– Rudolf Steiner
– Rudolf Steiner
In this part of Oregon we often get a little February break from the cold rain, when the clouds part and warm (sort of) sunshine pours in. We got such an interim this week. I was in downtown Eugene one afternoon, temporarily free of my winter coat and comfortable in only my wool sweater, when I saw this shorts-and-Tshirt-clad young man come wheeling along on his skateboard, dog in tow with one hand, fishing rod in the other. Was that Summer passing before my eyes? What month is this?! And if he is fine in shorts and short sleeves, why do I need wool and corduroys?
4:50am PST, January 31, 2018. Clouds had been forecast, but at our house the night was mostly clear, with wisps of mist veiling over the moon, making it appear to pulse. It was fun that it happened to be a “blue moon,” the second full moon in the calendar month; it was spectacular that it happened to be a “super moon,” the full moon closest to Earth in its elliptical orbit; it was magnificent as it became a “blood moon,” with the shadow of the Earth totally eclipsing its brilliant face, painting it red.
“Believe me, you will find more lessons in the woods than in books. Trees and stones will teach you what you cannot learn from masters.” – St. Bernard of Clairvaux
Many, many times I’ve been under this tree down the hill from our house; recently I really looked at it for the first time. It grows as one oak tree, but originally there were three individual ones. As they grew their trunks united at the base; two of them grew together again higher up where they rubbed each other, and then separately once more. It makes quite the sculpture, this intertwining dance of three trees in one. Conventional thinking usually assumes that trees too close together compete for resources—this looks more like cooperation.
So much noise this week. Aren’t we better than this? Surely? When the one at the head of the administration spews heedlessly, I could easily do the same out of my own anger and frustration.
Time to gather myself. If I want to work for good, I’d better be sure that it is out of a spirit of good that I am working. Along my news feed came this poem by Jack Ridl, which aptly settled my seething into quiet. I headed for my studio to paint with the poem.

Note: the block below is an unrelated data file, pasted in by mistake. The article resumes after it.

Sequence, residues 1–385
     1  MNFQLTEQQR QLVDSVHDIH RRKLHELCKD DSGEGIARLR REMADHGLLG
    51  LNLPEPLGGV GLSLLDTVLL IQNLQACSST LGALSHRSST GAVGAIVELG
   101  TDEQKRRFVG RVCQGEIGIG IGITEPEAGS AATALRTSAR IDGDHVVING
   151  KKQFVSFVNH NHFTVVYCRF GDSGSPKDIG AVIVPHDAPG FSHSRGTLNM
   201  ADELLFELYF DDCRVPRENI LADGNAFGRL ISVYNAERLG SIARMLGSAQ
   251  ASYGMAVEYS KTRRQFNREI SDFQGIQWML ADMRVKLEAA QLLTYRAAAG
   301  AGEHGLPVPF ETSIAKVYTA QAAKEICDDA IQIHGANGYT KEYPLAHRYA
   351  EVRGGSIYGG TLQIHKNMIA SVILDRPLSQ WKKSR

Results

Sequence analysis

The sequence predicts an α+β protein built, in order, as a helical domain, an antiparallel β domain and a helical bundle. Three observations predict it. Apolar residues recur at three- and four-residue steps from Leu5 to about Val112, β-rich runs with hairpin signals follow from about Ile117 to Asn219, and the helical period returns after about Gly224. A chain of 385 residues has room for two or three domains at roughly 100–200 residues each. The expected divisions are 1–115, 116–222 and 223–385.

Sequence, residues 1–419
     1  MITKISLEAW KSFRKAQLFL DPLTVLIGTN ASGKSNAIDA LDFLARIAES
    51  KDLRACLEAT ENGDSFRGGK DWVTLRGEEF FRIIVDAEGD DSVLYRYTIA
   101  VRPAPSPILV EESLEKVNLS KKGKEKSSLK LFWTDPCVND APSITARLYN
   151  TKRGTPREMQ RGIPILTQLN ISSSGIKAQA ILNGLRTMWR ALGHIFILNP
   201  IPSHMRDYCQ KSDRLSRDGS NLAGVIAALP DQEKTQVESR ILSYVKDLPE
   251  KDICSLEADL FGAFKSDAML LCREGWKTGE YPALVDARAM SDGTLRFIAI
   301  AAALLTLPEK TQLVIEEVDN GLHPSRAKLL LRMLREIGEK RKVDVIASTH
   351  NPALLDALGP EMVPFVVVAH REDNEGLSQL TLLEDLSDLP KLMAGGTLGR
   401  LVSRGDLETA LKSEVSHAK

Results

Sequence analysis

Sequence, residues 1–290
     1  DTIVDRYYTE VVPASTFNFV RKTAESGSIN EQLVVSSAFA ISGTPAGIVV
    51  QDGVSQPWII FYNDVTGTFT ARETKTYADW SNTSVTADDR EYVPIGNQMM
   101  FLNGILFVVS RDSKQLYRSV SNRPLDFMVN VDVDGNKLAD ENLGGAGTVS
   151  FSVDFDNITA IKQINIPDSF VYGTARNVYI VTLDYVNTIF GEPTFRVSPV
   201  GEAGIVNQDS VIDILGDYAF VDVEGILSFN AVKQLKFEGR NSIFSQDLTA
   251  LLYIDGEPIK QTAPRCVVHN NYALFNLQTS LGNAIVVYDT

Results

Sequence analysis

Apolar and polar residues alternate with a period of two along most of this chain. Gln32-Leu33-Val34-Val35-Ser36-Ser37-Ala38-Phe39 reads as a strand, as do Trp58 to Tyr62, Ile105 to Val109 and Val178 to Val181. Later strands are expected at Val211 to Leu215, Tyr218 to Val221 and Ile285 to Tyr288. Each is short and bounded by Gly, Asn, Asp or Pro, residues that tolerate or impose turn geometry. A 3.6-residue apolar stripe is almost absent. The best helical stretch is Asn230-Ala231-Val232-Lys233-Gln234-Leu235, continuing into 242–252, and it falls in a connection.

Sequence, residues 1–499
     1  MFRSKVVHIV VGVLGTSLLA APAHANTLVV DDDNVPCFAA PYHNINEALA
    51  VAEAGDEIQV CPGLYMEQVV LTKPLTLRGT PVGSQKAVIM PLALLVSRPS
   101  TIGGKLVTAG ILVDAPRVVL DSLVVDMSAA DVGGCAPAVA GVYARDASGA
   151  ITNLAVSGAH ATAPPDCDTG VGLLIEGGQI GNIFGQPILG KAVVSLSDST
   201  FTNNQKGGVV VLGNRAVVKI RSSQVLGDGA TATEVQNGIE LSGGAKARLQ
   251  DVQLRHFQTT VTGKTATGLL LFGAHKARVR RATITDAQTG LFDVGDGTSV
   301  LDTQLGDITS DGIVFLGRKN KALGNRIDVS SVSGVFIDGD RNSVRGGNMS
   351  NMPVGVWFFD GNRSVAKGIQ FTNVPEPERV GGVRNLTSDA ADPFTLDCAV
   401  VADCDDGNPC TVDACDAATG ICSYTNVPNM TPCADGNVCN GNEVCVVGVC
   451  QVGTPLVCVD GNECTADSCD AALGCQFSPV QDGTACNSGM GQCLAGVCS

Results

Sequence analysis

Next I’ll start writing letters to my representatives. Again.
Come listen to me and hear my song,
The song of a wondrous youth,
I’ll sing of Olaf Åsteson
Who slept many days, ’tis the truth.
Yes, it was Olaf Åsteson
Who lay so long a-sleeping.*
The Dream Song of Olaf Åsteson, a fifth-century Norwegian saga of which only fragments exist today, describes the spiritual experiences of Olaf Åsteson, who falls asleep on Christmas Eve and dreams until the feast of the Epiphany on January 6th. This saga has fascinated me since I discovered it years ago, and I always read it this time of year. There’s something about stepping into something so ancient that girds me for the New Year.
In these bleak days of midwinter the light glows within. The darkness intensifies its brightness, the cold enhances its warmth. It might be the most potent time of year.
The Shepherds’ Play is a medieval mystery play that my kids grew up with in the Eugene Waldorf School. Teachers and community members play the parts, and the whole school community turns out for it. The play is funny and earnest, with the angel overseeing the drama, and the unwitting shepherds (the most human of humans) being the first to glimpse the face of the sacred.
The play opens and closes with the players singing these words—
Bless O Lord the way we tread,
Bless our comings and our goings;
Bless likewise our daily bread,
Bless our leavings and our doings.
Bless our death with thy death’s leaven,
That to us thy life be given.
A year ago I, along with the rest of the country, was reeling from the election. The corrosive divisions among fellow Americans were terrible, and largely have remained so. A poet friend of a friend decided that, for the duration of this administration, he would post a poem a week. It was one thing he could do. I decided to follow suit, and every week for the last year I have posted a painting or a sketch on Face Book.
I have been humbled by the responses. From right, left, and center. I didn’t imagine my own art could be such a bridge, let alone what would come back to me by the sharing of it .
Art works. There is the work of making art, and then there is the work that the art does when released into the world. This blog is to further my art’s working.
It’s the rainy season in western Oregon. I often draw or paint outside, so that means the full winter regalia of boots, rain coat and rain pants. Let’s go.